Canadian artist Maud Lewis lived in a tiny house covered in her paintings, which she sold door to door in Nova Scotia. A biopic of her life, Maudie, is a surprise hit in theaters, reports the BBC.
The film's success has also been spurred by a rather serendipitous find: an unknown Maud Lewis painting found in a thrift shop is being auctioned off for charity, with bids topping C$125,000 ($91,500, £70,685). The work was authenticated by Mr Deacon, a retired school teacher who is now somewhat of a Maud Lewis sleuth. …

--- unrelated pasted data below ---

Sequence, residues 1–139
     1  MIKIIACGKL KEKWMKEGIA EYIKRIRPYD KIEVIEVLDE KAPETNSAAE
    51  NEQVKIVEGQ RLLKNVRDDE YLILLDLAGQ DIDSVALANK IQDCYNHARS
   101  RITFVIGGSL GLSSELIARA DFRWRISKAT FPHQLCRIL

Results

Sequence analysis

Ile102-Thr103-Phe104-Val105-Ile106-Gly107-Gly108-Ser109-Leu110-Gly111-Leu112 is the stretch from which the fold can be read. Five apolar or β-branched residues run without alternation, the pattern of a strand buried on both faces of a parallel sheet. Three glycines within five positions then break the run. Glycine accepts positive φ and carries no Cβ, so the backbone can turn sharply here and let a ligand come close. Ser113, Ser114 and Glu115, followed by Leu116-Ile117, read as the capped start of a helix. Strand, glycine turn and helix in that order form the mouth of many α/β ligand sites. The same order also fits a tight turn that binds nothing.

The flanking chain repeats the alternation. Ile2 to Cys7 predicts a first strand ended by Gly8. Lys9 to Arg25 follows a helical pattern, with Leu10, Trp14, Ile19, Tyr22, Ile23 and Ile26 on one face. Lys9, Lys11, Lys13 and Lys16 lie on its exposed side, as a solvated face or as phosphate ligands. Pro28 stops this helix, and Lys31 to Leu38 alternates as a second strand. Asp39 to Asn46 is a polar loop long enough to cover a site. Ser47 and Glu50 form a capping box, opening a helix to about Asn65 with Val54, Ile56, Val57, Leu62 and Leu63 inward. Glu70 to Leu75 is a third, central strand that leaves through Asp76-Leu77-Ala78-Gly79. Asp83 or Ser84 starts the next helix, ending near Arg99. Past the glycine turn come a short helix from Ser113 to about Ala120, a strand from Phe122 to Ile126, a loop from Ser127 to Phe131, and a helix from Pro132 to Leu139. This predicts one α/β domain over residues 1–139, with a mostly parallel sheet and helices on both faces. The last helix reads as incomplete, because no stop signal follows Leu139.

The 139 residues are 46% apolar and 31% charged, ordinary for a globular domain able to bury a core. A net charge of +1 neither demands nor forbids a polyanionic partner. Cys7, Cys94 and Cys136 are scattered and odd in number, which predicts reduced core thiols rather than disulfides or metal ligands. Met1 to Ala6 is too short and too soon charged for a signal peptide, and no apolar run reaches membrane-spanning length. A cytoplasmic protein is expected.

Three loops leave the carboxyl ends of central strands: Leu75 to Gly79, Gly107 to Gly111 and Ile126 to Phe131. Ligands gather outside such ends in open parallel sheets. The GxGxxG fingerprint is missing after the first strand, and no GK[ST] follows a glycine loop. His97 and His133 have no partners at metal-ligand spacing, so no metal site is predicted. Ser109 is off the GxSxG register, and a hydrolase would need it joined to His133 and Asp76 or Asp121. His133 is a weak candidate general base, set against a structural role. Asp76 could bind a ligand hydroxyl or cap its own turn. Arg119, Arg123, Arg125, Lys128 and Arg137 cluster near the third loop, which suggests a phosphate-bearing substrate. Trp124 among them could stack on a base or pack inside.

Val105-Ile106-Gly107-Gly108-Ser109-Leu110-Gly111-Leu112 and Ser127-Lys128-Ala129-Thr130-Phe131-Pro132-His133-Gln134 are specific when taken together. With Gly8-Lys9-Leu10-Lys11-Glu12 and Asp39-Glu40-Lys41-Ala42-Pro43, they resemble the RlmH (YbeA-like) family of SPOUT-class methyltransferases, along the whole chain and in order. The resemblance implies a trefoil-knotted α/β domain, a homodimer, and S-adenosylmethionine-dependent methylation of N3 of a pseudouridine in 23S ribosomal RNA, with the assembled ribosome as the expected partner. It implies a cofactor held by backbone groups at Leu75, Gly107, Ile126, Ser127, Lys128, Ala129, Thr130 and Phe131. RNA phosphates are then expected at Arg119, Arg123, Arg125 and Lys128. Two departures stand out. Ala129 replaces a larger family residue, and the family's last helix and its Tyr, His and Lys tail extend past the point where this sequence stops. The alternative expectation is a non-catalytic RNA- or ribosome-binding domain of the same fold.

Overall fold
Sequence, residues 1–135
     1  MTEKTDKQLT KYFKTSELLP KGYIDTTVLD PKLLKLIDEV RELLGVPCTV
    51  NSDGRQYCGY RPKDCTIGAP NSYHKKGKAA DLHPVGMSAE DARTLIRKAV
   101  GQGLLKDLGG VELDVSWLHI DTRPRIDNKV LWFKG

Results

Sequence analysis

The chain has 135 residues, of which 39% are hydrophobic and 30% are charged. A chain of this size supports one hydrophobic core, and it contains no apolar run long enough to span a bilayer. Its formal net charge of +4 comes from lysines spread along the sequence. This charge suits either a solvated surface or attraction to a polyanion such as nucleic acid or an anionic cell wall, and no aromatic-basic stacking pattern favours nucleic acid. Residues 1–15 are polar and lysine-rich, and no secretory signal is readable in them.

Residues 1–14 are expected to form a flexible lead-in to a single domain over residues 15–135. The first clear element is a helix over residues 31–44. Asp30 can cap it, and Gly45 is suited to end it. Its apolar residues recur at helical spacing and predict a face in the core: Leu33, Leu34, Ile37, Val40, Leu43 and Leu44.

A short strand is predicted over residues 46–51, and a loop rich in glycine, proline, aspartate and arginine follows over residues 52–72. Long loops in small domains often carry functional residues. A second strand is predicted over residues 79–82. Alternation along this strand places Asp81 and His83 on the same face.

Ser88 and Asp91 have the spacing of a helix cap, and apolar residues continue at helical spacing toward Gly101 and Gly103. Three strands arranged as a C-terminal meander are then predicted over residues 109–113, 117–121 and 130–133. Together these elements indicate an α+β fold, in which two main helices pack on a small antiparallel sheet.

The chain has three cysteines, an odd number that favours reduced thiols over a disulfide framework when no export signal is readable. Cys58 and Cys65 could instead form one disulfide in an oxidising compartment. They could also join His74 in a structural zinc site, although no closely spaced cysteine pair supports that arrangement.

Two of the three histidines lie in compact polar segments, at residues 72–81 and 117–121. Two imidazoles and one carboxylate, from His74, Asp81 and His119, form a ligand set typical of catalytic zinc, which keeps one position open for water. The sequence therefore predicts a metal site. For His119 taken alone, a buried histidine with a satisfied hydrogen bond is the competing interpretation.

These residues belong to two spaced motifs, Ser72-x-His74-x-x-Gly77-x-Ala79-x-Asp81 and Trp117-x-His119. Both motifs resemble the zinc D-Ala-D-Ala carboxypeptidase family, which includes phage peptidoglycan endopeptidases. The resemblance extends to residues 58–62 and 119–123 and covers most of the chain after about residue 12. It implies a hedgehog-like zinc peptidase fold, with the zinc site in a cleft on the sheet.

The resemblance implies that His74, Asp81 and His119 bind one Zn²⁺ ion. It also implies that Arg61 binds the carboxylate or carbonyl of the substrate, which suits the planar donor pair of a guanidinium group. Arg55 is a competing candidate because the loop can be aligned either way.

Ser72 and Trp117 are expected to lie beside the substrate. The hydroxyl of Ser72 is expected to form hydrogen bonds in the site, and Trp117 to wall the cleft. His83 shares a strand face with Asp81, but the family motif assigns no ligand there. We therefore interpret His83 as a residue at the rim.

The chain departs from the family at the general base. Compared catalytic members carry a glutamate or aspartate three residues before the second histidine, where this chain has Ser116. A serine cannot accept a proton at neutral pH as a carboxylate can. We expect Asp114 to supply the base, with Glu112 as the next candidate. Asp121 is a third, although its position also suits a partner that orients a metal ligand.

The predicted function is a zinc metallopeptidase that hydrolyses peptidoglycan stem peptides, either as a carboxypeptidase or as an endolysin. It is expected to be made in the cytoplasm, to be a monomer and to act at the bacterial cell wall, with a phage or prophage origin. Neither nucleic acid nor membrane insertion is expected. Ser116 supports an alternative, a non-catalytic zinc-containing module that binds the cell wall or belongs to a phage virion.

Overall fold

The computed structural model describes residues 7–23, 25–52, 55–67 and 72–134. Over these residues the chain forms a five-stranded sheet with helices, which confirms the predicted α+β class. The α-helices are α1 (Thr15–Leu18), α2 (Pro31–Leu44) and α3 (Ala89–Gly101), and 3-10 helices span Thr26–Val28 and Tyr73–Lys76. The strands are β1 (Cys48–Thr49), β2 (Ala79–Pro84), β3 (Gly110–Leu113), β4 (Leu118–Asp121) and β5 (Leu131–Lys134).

Typically characterised as a "folk artist", Lewis was self-taught and lived her whole life in poverty. Unable to afford things like canvas, she'd paint on anything from scraps of wood and plywood to thick card stock. Her subjects were the things she saw in her everyday life – fishermen, wildlife, flowers and trees.
"Maud was not a person who travelled to other galleries or saw other art, so there's a kind of naivete to it," Noble told the BBC.
Here's the trailer: